Web Browser Security
Web browser security refers to the measures and technologies implemented within web browsers to protect users from online threats, such as malicious websites, drive-by downloads, or phishing attacks. Web browser security features may include sandboxing, which isolates web content from the underlying operating system, secure browsing modes that restrict potentially harmful activities, anti-phishing filters to detect and warn about malicious websites, pop-up blockers, download reputation checks, and support for secure protocols like HTTPS. Keeping web browsers updated with the latest security patches, using trusted browser extensions, and practicing safe browsing habits are crucial for maintaining web browser security.

Web Filtering
Web filtering, also known as content filtering, is the process of controlling or blocking access to websites, web content, or specific web-based activities based on predefined rules or policies. Web filtering is commonly used to enforce acceptable use policies, restrict access to inappropriate or malicious websites, prevent data leakage, or comply with regulatory requirements. Web filtering can be implemented using various techniques, such as URL blacklisting or whitelisting, keyword filtering, category-based filtering, or dynamic content analysis. By filtering web content, organisations can reduce exposure to web-based threats, improve productivity, and enforce security and compliance measures.

Whaling is a form of phishing attack that specifically targets high-profile individuals, such as executives, senior management, or individuals with significant authority or access to sensitive information within an organisation. Whaling attacks aim to deceive and trick these individuals into divulging confidential information, such as login credentials, financial details, or sensitive corporate data. Whaling attacks often employ sophisticated social engineering techniques, such as impersonating a trusted colleague, executive, or external business contact, to gain the target's trust and manipulate them into taking actions that benefit the attacker. Whaling attacks require heightened awareness, user training, and robust security measures to mitigate the risk of successful compromise.

Wi-Fi Eavesdropping
Wi-Fi eavesdropping, also known as wireless sniffing or wireless packet capture, is the unauthorised interception and monitoring of wireless network traffic. Attackers use specialised software or devices to capture and analyse data packets transmitted over Wi-Fi networks. By eavesdropping on Wi-Fi communications, attackers can potentially capture sensitive information, such as login credentials, financial data, or confidential communications. To mitigate the risk of Wi-Fi eavesdropping, organisations and users should employ strong encryption protocols (e.g., WPA2 or WPA3), regularly change Wi-Fi passwords, and avoid using unsecured public Wi-Fi networks.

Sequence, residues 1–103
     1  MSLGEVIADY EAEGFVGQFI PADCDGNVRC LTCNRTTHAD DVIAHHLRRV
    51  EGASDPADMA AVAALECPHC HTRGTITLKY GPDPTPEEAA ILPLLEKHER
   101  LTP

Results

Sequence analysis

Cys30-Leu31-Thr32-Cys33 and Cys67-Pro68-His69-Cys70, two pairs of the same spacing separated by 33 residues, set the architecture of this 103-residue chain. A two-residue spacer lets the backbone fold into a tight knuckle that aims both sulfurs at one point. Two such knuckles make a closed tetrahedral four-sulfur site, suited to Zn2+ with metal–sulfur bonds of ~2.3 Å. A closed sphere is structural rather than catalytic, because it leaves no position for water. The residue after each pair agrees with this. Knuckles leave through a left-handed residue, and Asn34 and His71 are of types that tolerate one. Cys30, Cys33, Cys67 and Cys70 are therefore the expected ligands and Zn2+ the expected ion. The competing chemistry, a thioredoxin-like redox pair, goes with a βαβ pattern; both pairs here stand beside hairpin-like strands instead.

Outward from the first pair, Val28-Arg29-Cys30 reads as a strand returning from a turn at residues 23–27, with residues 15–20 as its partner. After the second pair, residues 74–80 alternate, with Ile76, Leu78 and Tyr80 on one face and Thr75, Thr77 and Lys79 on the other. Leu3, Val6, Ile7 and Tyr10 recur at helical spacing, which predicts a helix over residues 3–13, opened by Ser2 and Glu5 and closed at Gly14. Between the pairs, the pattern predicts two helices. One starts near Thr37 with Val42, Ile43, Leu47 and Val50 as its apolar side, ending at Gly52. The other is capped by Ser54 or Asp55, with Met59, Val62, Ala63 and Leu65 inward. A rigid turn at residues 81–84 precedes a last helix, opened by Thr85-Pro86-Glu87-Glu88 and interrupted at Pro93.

Wi-Fi Security
Wi-Fi security refers to the measures and protocols used to protect wireless networks and the devices connected to them from unauthorised access, data interception, or other security threats. Wi-Fi security mechanisms include encryption protocols, such as WPA2 (Wi-Fi Protected Access 2) or WPA3, that provide confidentiality and integrity of wireless communications. Other security measures include strong and unique Wi-Fi passwords, disabling SSID broadcasting, MAC address filtering, and implementing network segmentation or VLANs to separate different types of devices or users. Maintaining up-to-date firmware on Wi-Fi routers and using intrusion detection or prevention systems can further enhance Wi-Fi security.

Wireless Access Point
A wireless access point (WAP) is a device that allows wireless devices, such as laptops, smartphones, or tablets, to connect to a wired network through Wi-Fi. A WAP acts as a bridge between the wireless and wired networks, enabling wireless clients to access network resources, such as the internet or shared files. Wireless access points are commonly used in homes, offices, public spaces, and other environments where wireless connectivity is required. To ensure security, WAPs should be properly configured with strong encryption, unique passwords, and appropriate access controls to prevent unauthorised access or misuse of the wireless network.

Wireless Security
Wireless security encompasses the measures and practices implemented to protect wireless networks, devices, and data from unauthorised access, interception, or manipulation. Wireless security includes aspects such as Wi-Fi security protocols (e.g., WPA2, WPA3), encryption, authentication mechanisms, network segmentation, strong and unique passwords, regular firmware updates, intrusion detection and prevention systems, and user education. By implementing robust wireless security measures, organisations and users can safeguard their wireless networks and ensure the confidentiality, integrity, and availability of wireless communications.

A worm is a type of self-replicating malware that can spread independently across computer networks or systems without requiring user interaction. Worms exploit vulnerabilities in operating systems or network protocols to gain access to target systems and then propagate by creating copies of themselves and infecting other vulnerable devices. Worms can cause significant harm, including network congestion, system instability, data loss, or the installation of additional malicious software. Protecting against worms involves maintaining up-to-date software patches, using network firewalls, employing intrusion detection systems, and practicing safe computing practices, such as avoiding suspicious email attachments or downloading files from untrusted sources.